Date
22 July 2017
BOJ governor Haruhiko Kuroda said directly targeting interest rates could work more effectively to raise inflation expectations than focusing on base money. Photo: Reuters
BOJ governor Haruhiko Kuroda said directly targeting interest rates could work more effectively to raise inflation expectations than focusing on base money. Photo: Reuters

BOJ shifts policy to targeting rates, steps up inflation drive

The Bank of Japan has overhauled its monetary policy framework, switching to targeting interest rates and sidelining more than three years of massive money printing that did little to stimulate the economy.

But the central bank held off on deepening negative interest rates or expanding its asset purchase target, Reuters reports.

It clarified that the modification is aimed at resetting its stimulus program for a protracted battle to hit and then keep to its 2 percent inflation goal.

Japanese stocks rose and the yen fell on Wednesday on hopes the BOJ’s decision to reset its stimulus program would ease pressure on the country’s banks and insurers.

But some analysts doubt whether the move would have a lasting positive impact on financial markets.

“The impression is that the BOJ is starting to pull back some of its troops from the battlefront,” said Katsutoshi Inadome, senior fixed-income strategist at Mitsubishi UFG Morgan Stanley Securities.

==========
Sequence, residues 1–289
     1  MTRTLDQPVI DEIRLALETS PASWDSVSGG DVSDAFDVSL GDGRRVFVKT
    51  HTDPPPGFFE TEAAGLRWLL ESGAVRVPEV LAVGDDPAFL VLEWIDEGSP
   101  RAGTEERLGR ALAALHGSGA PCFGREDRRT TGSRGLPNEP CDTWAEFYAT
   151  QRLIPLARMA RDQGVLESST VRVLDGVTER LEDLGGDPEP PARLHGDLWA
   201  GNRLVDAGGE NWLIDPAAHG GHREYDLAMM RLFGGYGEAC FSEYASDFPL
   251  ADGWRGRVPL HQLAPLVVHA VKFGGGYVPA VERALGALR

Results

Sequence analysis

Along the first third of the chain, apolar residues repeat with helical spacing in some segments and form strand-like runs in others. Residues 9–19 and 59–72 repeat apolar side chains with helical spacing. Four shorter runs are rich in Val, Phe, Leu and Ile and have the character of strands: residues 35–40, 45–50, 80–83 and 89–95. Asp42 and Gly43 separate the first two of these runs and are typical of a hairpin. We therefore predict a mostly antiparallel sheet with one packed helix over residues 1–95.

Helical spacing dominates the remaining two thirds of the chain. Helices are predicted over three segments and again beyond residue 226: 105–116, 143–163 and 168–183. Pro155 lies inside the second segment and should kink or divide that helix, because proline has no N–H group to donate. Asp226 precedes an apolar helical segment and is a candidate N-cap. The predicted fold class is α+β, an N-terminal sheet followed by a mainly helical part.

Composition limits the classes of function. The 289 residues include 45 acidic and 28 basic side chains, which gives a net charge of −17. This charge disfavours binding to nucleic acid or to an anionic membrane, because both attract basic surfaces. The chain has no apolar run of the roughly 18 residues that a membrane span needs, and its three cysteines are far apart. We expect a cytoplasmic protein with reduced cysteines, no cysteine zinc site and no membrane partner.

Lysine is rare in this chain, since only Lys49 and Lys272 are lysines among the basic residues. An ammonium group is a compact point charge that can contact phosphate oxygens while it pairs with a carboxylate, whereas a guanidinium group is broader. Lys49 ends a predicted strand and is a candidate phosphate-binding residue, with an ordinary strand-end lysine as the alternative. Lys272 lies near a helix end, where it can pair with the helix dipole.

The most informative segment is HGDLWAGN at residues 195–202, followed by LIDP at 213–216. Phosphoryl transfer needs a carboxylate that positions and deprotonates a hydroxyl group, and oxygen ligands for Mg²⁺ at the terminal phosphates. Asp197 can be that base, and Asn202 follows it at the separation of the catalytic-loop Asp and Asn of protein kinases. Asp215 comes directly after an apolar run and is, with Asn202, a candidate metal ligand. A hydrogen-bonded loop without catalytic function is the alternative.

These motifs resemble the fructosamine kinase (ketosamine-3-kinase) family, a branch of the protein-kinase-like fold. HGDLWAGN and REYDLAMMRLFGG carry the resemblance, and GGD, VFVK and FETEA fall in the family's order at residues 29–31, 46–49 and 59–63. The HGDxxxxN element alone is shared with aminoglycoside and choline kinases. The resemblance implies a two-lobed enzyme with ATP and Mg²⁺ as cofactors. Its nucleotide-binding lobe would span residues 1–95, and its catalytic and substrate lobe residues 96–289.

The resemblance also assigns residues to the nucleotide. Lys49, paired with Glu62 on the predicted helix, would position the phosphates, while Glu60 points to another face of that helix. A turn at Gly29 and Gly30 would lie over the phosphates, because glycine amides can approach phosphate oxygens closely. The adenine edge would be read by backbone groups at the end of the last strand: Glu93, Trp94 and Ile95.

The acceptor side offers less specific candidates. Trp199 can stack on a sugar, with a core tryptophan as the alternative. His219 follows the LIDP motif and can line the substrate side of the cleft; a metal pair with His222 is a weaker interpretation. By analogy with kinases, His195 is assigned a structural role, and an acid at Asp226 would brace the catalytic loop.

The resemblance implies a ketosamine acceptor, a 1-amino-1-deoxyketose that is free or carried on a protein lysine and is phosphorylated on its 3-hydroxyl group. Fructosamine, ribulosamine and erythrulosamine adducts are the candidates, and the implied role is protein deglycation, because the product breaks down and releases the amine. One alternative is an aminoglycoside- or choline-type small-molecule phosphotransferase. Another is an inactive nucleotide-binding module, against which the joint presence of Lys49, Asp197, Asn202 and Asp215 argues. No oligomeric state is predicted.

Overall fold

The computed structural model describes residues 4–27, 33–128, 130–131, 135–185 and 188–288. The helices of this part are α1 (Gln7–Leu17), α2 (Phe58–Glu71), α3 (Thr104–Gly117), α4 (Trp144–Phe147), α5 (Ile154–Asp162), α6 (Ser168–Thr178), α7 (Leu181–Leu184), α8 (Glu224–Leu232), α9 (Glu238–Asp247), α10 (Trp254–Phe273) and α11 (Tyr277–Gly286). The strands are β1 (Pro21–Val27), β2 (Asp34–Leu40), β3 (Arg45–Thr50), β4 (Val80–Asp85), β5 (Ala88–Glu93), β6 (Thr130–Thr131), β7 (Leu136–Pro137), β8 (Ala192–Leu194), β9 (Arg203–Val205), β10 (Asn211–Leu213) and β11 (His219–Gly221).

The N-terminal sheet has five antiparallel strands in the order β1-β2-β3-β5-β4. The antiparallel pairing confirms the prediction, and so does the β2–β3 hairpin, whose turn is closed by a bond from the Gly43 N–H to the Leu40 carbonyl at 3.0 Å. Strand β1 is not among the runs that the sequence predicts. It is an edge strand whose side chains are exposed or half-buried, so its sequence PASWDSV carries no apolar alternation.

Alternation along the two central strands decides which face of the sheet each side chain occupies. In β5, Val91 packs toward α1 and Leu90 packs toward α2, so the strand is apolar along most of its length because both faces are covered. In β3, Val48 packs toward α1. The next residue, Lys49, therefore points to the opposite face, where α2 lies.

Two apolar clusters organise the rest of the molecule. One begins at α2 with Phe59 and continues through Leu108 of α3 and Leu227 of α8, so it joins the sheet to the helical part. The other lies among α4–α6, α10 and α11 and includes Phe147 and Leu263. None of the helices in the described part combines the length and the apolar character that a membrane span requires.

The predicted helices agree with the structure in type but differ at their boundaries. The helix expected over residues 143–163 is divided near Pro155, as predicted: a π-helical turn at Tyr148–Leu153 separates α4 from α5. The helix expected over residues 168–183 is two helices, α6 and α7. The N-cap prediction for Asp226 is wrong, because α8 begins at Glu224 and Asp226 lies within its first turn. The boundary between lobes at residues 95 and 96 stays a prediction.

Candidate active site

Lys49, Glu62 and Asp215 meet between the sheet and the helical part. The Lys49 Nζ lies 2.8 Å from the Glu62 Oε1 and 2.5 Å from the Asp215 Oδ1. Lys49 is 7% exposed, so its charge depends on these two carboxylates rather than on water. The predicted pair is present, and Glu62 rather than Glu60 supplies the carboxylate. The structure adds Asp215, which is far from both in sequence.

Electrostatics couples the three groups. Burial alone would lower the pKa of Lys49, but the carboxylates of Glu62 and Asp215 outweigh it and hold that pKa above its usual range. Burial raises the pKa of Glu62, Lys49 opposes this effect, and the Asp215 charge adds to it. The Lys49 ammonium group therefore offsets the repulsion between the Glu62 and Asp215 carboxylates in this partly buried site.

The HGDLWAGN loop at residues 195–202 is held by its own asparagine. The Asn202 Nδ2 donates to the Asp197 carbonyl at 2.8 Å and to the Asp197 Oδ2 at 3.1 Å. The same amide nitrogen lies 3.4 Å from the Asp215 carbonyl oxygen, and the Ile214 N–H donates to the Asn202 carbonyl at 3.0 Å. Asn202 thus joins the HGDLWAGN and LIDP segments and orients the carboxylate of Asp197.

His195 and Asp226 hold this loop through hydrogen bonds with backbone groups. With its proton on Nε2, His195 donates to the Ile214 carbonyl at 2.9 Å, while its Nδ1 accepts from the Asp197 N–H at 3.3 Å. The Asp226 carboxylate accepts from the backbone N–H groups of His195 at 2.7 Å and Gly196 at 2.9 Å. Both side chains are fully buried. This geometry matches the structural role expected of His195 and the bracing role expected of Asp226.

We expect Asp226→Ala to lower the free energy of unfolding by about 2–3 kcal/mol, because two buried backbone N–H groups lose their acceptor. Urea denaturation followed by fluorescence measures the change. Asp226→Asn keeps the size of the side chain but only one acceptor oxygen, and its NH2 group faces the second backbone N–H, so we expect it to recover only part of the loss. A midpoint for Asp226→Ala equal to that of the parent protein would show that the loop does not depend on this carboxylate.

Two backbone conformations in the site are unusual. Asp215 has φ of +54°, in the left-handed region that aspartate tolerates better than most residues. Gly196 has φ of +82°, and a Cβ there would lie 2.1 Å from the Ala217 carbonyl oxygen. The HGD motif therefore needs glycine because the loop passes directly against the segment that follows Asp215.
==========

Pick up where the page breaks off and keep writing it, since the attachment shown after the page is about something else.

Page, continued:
“The markets could now begin testing the BOJ’s commitment to its price target in the next few months.”

BOJ governor Haruhiko Kuroda said directly targeting interest rates could work more effectively to raise inflation expectations than focusing on base money.

“It’s very effective in the long-term perspective. But in the short term, there isn’t a clear link between the base money target and inflation expectations,” Kuroda told a news conference.

“That’s why the new policy framework can respond to changes in the economy and prices more flexibly.”

At the two-day rate review that ended on Wednesday, the BOJ abandoned its base money target and instead adopted “yield curve control” under which it will buy long-term government bonds to keep 10-year bond yields at current levels around zero percent.

It will continue to buy long-term government bonds at a pace that ensures its holdings increase by 80 trillion yen (US$781 billion) per year.

It also maintained the 0.1 percent negative interest rate it applies to some of the excess reserves that financial institutions park with the central bank.

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CG

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